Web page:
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October 21, 1974

Prospectus: The Prevention of Bacteremic Pneumococcal Pneumonia: A Conservative Appraisal of Vaccine Intervention

Author Affiliations

From the George Hunter Laboratory, Division of Infectious Diseases, Department of Medicine, Vanderbilt University School of Medicine, Nashville, Tenn. Dr. Kaiser was a Clinical Associate of the Veterans Administration and is now Head of Infectious Diseases, St. Thomas Hospital, Nashville.

JAMA. 1974;230(3):404-408. doi:10.1001/jama.1974.03240030022019

Blood, cerebrospinal fluid, and respiratory isolates from 632 adults with pneumococcal pneumonia hospitalized from 1968 through 1972 were typed. The results were correlated with the 14 types currently being tested in pneumococcal vaccines. More than 80% of the bacteremic pneumonia isolates and two thirds of respiratory isolates were "vaccine types." Sixty percent of 43 patients with bacteremic pneumonia and 55% of patients who died from their infections would theoretically have benefited from an immunization program designed to include all persons 50 years of age and older and all younger patients with recognized underlying disease.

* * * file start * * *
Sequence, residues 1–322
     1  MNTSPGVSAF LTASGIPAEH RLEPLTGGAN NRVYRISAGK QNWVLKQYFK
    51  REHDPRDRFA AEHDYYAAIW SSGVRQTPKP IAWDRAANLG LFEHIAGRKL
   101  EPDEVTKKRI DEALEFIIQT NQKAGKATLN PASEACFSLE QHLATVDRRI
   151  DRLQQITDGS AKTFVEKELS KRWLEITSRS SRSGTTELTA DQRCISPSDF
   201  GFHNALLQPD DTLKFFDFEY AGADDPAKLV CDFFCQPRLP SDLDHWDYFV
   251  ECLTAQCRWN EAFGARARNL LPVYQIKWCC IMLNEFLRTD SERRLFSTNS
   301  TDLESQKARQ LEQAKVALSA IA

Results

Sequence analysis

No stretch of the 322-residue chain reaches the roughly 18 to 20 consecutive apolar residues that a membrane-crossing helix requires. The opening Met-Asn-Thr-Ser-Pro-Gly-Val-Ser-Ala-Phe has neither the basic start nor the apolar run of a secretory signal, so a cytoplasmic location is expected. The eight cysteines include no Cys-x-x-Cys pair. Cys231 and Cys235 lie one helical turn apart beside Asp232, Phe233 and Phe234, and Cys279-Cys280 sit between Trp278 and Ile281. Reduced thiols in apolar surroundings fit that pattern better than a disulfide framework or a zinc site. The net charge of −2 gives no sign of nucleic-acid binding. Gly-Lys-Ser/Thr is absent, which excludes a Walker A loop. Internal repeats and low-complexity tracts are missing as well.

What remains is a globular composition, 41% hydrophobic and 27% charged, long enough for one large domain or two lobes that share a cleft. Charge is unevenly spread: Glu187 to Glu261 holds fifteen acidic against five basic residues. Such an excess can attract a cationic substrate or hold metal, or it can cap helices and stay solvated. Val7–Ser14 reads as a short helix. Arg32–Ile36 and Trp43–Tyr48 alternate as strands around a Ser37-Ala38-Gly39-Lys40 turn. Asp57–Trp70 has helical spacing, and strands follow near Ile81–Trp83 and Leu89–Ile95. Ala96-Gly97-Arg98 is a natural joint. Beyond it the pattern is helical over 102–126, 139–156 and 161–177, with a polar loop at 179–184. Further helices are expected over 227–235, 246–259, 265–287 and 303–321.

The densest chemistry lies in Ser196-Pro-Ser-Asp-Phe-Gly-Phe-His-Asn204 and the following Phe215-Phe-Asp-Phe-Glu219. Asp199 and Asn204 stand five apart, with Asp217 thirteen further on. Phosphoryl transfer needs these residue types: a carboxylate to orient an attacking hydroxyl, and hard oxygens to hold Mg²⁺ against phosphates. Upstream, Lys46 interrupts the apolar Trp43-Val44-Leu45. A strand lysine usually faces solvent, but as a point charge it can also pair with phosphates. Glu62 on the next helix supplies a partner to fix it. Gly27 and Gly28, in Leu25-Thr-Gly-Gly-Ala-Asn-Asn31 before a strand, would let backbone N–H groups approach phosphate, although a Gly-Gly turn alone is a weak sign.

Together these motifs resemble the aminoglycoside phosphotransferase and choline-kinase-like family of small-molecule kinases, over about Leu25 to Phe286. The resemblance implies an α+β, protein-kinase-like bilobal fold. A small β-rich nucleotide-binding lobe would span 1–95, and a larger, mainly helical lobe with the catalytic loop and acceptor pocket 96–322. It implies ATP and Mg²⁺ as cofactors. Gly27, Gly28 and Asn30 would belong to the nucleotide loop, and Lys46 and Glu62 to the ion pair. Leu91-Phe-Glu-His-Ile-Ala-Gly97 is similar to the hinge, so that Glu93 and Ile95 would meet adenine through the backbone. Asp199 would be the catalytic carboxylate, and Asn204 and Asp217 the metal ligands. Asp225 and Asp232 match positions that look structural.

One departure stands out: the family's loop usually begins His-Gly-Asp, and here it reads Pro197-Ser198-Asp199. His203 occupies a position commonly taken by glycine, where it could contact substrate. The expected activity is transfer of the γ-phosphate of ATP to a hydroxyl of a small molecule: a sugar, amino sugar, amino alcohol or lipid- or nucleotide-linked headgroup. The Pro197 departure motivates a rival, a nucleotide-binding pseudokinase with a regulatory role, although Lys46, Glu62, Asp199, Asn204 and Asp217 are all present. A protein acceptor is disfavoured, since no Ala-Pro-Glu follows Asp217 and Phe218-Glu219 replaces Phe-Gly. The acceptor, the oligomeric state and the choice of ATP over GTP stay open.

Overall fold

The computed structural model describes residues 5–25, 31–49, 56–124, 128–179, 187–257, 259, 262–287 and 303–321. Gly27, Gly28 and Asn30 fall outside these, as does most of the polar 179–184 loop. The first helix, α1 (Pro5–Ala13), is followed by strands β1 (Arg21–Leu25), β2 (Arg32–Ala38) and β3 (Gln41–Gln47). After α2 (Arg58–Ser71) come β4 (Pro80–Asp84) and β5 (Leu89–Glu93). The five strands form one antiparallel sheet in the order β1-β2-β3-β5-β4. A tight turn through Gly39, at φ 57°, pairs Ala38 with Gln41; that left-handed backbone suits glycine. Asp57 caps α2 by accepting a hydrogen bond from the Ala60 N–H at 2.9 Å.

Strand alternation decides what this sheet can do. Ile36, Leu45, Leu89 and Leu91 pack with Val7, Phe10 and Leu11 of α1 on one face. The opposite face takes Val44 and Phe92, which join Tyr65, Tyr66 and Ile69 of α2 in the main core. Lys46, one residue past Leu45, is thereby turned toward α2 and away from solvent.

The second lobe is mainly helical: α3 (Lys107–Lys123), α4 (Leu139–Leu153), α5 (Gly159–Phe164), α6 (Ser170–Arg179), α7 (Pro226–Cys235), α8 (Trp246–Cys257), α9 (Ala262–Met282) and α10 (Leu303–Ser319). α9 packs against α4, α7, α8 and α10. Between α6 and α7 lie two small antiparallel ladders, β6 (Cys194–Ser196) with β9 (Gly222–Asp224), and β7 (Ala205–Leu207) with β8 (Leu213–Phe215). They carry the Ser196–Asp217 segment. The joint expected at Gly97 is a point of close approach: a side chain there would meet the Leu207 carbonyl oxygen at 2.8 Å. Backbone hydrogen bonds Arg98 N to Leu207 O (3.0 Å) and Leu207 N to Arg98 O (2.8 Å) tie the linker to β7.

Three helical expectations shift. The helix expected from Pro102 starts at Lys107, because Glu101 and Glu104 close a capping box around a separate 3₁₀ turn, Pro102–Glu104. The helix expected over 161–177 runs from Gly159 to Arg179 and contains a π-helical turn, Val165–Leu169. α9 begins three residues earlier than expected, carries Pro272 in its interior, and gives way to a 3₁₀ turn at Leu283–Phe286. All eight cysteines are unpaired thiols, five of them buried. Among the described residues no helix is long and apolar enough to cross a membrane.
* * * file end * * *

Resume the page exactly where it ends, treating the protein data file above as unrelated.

Unexplained swings in the annual rate of pneumococcal infections, siteto-site variation in the recovery of pneumococcal types, geographic and temporal differences in the distribution of types, and the selection pressure associated with the use of a limited number of vaccine types will complicate vaccine use.

(JAMA 230:404-408, 1974)